“I had orders to report to Brigadier General Lindsey, and he said to me, ‘Well, York, I hear you have captured the whole… German army.’ And I told him I only had 132.” – Alvin C. York
“On the way back we were constantly under heavy shell fire and I had to double time them to get them through safely. There was nothing to be gained by having any more of them wounded or killed. They had surrendered to me, and it was up to me to look after them. And so I did.” – Alvin C. York
“So I am a witness to the fact that God did help me out of that hard battle; for the bushes were shot up all around me and I never got a scratch.” – Alvin C. York
(Source: Diary of Alvin York)
So goes the story of one of the most decorated soldiers of World War I, Alvin C York. We recently read (and thoroughly enjoyed!) Sergeant York and the Great War just before visiting Sergeant Alvin C. York State Historic Park in Pall Mall, Tennessee. York’s diary entries tell a story of a sinner saved by grace – a man who objected to war due to religious convictions but decided to serve as a means of bringing peace to the conflict. His inspiring life is an example of redemption, faith, diligence, humility, and service. And… you can read his story by downloading a free pdf (or kindle or web version) of Sergeant York: His Own Life Story And War Diary by Alvin York and Tom Skeyhill.
A few families in our community drove a couple of hours to visit the Sergeant Alvin C. York State Historic Park located in middle Tennessee, close to the Kentucky state line. What a fun trip (despite the 20 degree weather!)!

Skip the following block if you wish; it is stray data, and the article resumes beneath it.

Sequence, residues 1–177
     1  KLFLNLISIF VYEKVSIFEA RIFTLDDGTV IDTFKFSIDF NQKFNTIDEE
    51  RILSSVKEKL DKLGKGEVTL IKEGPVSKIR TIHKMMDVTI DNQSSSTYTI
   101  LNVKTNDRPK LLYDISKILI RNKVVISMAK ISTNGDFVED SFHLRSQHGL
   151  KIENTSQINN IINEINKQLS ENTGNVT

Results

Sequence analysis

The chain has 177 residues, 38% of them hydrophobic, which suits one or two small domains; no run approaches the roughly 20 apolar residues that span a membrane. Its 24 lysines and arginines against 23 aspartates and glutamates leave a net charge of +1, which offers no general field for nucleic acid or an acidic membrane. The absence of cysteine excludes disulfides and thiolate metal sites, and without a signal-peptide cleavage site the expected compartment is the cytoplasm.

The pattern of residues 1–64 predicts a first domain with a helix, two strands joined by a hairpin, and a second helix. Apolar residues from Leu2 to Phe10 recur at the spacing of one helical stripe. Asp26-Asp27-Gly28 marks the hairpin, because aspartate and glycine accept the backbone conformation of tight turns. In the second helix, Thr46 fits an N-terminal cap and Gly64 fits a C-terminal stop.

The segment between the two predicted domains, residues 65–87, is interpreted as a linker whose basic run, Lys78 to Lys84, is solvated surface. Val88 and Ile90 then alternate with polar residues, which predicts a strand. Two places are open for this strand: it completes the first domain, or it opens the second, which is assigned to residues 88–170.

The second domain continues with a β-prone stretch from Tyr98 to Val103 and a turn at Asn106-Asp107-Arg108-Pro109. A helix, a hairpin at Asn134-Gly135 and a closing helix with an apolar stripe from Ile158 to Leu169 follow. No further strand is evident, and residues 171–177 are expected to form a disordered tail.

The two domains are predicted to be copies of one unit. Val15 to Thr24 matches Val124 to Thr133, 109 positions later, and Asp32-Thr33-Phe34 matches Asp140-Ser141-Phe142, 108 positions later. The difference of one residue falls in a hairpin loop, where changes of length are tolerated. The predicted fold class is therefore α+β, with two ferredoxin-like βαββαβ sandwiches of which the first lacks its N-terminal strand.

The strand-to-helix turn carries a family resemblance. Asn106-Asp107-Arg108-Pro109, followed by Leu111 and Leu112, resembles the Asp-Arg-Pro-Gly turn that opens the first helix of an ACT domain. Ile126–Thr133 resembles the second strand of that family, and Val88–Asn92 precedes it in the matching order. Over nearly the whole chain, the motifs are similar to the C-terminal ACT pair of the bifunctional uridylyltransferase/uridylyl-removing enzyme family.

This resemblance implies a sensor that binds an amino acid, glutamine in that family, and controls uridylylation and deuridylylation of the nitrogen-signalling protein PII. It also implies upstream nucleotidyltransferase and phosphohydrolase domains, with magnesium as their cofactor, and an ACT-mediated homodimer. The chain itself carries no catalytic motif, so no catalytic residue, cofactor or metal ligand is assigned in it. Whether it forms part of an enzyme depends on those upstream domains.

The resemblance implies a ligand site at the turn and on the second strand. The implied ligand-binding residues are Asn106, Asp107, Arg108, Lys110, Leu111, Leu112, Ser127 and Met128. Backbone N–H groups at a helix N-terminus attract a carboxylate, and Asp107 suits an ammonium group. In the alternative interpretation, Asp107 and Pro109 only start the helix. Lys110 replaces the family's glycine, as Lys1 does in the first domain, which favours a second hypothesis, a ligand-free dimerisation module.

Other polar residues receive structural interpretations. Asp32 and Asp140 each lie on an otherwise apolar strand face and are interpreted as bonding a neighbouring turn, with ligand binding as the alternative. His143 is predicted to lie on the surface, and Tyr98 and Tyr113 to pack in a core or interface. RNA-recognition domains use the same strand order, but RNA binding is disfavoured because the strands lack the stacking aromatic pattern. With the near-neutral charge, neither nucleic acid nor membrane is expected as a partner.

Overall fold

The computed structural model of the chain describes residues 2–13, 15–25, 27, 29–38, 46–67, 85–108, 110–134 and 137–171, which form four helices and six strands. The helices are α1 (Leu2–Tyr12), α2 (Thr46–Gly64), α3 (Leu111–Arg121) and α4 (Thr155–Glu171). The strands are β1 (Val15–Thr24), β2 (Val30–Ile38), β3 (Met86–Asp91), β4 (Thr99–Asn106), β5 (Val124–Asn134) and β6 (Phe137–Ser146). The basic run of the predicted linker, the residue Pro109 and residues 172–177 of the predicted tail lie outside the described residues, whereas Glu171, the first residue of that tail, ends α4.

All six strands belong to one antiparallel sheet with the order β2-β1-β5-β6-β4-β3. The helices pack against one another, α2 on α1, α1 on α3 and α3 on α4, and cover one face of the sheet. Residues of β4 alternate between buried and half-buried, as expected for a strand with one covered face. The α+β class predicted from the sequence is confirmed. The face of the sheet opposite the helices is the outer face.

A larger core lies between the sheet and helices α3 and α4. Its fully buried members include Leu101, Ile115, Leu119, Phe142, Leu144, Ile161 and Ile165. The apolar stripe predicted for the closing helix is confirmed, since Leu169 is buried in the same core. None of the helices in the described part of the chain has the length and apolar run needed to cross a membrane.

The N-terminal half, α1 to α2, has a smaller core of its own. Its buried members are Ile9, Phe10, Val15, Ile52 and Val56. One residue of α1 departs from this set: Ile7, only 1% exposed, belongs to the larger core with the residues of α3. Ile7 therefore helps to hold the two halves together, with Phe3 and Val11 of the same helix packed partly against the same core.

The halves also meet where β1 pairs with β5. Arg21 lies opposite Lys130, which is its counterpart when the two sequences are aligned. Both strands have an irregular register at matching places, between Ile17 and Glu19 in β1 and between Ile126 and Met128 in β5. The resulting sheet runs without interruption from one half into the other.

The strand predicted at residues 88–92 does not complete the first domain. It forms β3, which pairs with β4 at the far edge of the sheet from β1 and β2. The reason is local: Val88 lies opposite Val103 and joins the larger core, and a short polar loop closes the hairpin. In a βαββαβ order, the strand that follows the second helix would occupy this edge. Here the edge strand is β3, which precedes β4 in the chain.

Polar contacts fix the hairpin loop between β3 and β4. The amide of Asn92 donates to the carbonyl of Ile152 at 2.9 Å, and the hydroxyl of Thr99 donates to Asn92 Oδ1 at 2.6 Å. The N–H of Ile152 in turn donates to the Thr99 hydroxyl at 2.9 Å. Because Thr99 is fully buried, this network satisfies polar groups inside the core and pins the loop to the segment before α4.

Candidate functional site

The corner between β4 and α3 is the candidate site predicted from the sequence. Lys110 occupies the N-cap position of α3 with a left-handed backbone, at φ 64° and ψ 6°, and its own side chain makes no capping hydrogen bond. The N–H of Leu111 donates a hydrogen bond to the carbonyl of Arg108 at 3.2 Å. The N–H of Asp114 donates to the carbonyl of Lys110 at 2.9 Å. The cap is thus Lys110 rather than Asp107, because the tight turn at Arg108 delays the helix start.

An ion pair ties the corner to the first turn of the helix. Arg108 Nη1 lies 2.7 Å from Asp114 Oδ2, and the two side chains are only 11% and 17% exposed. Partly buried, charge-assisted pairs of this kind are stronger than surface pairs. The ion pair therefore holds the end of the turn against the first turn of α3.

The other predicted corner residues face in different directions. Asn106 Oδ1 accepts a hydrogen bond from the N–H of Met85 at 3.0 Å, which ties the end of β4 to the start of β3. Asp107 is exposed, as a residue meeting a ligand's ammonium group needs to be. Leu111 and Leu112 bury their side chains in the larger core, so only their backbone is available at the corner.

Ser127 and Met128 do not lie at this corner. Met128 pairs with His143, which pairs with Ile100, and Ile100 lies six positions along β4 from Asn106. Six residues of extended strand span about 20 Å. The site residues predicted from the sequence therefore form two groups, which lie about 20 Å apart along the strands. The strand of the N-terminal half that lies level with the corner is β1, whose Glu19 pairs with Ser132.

The visitor center is modeled after York’s General Store…
…and includes historical displays featuring Alvin York’s life along with artifacts from World War I.
Just across from the Visitor Center (on the other side of the Wolf River), stands the York Gristmill,
and across the street from the Visitor Center lies the York home, where York and his wife, Gracie, raised their children after the end of World War I.
Behind the York home lies a World War I reproduction trench, which is open for the public to explore.
From the World War I trenches, a 0.6-mile trail takes you to a swinging bridge…
just before arriving at the church where Alvin York accepted Christ as his Savior, which lies across the road from the York grave site.
Having only received the equivalent of a third grade education, Alvin York believed all children should have the opportunity to receive a quality education. To bring educational opportunities to his region, he used funds received from the movie Sergeant York for his educational efforts.
One of those efforts included an interdenominational Bible School (which was shut down during WWII)…
and the York Institute in Jamestown. After all of the honors he received for his wartime efforts, Alvin York preferred to be known simply as a man who wanted to bring a “heap o’ larnin'” to the children of Pall Mall, Tennessee.
Well worth the trip if you ever find yourself in mid Tennessee!